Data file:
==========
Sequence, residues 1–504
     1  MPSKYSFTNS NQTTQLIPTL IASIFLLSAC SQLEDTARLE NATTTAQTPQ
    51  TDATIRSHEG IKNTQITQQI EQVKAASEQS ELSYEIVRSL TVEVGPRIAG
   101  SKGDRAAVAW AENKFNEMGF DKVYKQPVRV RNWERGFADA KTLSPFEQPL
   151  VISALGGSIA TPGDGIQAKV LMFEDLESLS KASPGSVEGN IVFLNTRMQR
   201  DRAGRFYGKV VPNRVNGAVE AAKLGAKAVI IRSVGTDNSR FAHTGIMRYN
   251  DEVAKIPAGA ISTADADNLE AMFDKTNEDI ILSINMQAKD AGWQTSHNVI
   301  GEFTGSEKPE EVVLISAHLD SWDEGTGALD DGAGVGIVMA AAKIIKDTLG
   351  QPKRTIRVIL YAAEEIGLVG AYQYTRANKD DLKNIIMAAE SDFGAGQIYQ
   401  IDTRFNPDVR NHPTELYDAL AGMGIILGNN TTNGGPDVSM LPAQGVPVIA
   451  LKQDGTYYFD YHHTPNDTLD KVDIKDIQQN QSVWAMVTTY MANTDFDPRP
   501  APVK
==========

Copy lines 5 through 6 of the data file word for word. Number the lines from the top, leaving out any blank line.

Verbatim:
   151  VISALGGSIA TPGDGIQAKV LMFEDLESLS KASPGSVEGN IVFLNTRMQR
   201  DRAGRFYGKV VPNRVNGAVE AAKLGAKAVI IRSVGTDNSR FAHTGIMRYN